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EasyBloom Plant Sensor — Your Electronic Farmer

March 12th, 2009 by Matthew Steinhoff

EasyBloom Plant SensorI’m not the biggest gardening geek on the block any longer and that is saying a lot given that I have live streaming video of my tomatoes.

To your right, please see my newest garden technology find, the EasyBloom Plant Sensor.

EasyBloom Plant Sensor and Educated Garden Advisor

EasyBloom Plant Sensor Attached to Laptop

  • Step One: Buy the EasyBloom Plant Sensor.
  • Step Two: Stick it in your garden.
  • Step Three: Stick it in your USB port.
  • Step Four: Do whatever it tells you.

Does the EasyBloom Plant Sensor Work?

I don’t know. I don’t own one. I’m seriously thinking about buying one, however. My tomatoes are brown and I’m not sure if it is from too much water or too little water. My mom used to have a plant hydrometer that would report the level of water in the soil. I came across this product while looking for a hydrometer.

The Amazon Reviews are fairly positive — three and a half stars out of five with 24 people voting. The editors at the technology magazine CNET also gave the EasyBloom a ‘Very Good’ rating.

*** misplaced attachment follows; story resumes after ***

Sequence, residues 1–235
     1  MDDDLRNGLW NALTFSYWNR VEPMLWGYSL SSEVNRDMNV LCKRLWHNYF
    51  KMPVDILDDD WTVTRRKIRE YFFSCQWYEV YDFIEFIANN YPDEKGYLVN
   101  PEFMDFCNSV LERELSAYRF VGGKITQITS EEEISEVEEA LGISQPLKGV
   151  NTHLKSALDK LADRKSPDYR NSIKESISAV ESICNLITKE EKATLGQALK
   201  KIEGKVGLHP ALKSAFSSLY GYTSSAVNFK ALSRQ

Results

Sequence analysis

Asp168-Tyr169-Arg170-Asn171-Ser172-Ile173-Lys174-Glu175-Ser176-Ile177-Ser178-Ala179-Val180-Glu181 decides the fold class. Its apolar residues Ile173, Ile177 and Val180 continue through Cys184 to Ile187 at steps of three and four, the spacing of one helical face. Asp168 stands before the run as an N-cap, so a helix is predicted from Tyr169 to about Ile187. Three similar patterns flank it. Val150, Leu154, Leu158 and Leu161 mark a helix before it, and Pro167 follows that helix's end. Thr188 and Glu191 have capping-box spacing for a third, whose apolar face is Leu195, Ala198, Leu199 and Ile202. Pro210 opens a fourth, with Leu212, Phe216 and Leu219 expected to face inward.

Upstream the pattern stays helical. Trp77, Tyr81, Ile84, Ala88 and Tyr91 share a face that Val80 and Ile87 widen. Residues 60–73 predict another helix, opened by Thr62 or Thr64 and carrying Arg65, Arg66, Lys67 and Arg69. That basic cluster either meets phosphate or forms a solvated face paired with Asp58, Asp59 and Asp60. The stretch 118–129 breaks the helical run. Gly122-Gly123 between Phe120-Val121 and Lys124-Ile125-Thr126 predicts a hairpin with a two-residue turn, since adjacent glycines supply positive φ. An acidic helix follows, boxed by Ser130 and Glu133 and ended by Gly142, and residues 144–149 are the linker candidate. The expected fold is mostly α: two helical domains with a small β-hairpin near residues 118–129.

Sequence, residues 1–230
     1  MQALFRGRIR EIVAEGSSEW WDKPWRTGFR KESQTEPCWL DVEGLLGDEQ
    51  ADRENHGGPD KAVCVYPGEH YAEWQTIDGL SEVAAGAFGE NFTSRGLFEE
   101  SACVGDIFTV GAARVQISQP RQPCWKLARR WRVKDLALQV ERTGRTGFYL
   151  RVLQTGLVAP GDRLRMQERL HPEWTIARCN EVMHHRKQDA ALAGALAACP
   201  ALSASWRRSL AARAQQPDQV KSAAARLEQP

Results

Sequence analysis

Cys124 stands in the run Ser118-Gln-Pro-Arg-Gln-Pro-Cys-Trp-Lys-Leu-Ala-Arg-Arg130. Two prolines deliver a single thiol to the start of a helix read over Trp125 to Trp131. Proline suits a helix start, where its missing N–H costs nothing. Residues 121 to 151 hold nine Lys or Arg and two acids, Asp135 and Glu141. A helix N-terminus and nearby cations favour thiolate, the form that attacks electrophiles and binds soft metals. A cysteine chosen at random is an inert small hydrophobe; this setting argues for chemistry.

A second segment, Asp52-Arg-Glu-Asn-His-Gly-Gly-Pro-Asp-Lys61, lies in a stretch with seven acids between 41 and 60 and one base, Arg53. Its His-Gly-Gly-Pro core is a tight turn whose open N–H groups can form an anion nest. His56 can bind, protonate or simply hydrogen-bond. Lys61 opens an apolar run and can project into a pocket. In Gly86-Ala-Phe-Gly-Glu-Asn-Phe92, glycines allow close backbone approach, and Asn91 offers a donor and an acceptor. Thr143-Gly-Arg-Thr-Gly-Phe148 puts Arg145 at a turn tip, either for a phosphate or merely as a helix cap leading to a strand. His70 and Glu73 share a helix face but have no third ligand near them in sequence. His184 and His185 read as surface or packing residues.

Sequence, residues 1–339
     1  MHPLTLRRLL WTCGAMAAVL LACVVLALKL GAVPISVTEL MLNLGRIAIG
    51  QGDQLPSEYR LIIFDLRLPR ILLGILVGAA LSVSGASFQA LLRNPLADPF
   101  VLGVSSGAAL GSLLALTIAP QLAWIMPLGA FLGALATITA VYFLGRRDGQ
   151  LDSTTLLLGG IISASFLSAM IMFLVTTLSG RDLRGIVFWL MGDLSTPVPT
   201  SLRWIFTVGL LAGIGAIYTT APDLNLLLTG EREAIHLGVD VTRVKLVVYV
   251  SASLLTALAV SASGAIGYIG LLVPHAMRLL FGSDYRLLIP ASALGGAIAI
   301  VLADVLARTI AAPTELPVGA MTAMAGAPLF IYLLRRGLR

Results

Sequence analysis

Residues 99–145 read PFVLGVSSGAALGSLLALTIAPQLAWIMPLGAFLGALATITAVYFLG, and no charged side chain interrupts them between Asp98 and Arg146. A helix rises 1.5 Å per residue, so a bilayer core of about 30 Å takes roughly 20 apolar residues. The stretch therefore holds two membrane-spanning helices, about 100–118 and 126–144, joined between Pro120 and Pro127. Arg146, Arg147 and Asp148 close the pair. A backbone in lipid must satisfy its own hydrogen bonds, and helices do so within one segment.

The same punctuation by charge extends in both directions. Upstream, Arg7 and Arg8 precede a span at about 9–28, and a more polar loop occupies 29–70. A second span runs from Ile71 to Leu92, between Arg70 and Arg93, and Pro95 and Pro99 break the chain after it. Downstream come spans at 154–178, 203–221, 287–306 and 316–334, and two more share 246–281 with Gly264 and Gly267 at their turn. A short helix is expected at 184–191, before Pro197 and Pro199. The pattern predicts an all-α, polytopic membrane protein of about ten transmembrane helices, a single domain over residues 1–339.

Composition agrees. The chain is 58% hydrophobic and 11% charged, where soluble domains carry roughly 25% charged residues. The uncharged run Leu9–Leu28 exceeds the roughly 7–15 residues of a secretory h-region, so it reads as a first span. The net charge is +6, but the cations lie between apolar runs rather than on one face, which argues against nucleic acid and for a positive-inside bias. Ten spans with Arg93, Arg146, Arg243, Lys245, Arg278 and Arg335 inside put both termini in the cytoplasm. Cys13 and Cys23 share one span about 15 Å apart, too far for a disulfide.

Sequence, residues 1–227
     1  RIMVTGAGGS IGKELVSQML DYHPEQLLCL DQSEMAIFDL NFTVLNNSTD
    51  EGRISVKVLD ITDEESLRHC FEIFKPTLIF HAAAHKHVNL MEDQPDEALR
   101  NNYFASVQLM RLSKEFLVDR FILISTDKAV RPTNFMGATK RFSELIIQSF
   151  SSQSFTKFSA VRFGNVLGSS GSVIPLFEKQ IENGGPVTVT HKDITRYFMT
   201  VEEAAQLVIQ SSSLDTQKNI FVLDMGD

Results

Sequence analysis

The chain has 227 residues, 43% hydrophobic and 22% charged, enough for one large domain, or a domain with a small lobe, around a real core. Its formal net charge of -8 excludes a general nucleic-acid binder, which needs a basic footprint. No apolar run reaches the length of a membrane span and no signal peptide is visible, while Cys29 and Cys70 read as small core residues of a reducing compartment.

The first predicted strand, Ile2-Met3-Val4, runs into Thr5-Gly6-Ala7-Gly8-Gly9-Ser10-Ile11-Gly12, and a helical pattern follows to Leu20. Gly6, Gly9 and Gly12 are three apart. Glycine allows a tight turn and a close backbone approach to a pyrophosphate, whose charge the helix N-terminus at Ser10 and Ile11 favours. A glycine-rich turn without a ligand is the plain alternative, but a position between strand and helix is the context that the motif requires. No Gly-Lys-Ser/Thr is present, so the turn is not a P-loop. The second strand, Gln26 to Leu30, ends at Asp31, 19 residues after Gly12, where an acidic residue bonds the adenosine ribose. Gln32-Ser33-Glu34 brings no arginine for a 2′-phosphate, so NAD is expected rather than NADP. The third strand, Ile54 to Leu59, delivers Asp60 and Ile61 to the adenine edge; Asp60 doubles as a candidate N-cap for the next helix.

EasyBloom Plant Sensor Review and Recommendation

I love metrics. I’m just not sure if I’m willing to spend $60.

I like that the device accurately measures the amount of sunlight and soil conditions. I like that it connects to the internet and figures out which of 5,000 possible plants would like your garden the best. I like that it will tell you what is wrong with your plants based on a description and its captured condition data.

But, for $60, I also want it to do, at minimum, a pH test of the soil.

Anyone Using the EasyBloom Plant Sensor?

If you’re using the EasyBloom or another automatic garden data gathering device, please let me know. I’d love go know what else is out there. Also, why are my tomatoes brown?

—Farmer Matt

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4 responses so far ↓

  • From personal experience, I would say that your tomato plants are turning brown, because it is mid March in Florida. The growing season is nearly over.

    Also, we are in a drought. (Personal Opinion – No matter how much water you put on the garden, it just isn’t the same thing as having it rained on.)

    A suggestion (also learned from personal experience)… start planting October/November, instead of February.

  • I didn’t either… which is why the first garden I planted when we moved to Florida lasted from the end of March to maybe mid-May.

    Planted lots. Nothing to gather, but a few shriveled leaves that the heat left and the nematodes missed.

    • Sounds super fun! But you can take your soil in to be tested for free all kinds of places. Check out your local Extension Office for great free pointers, too!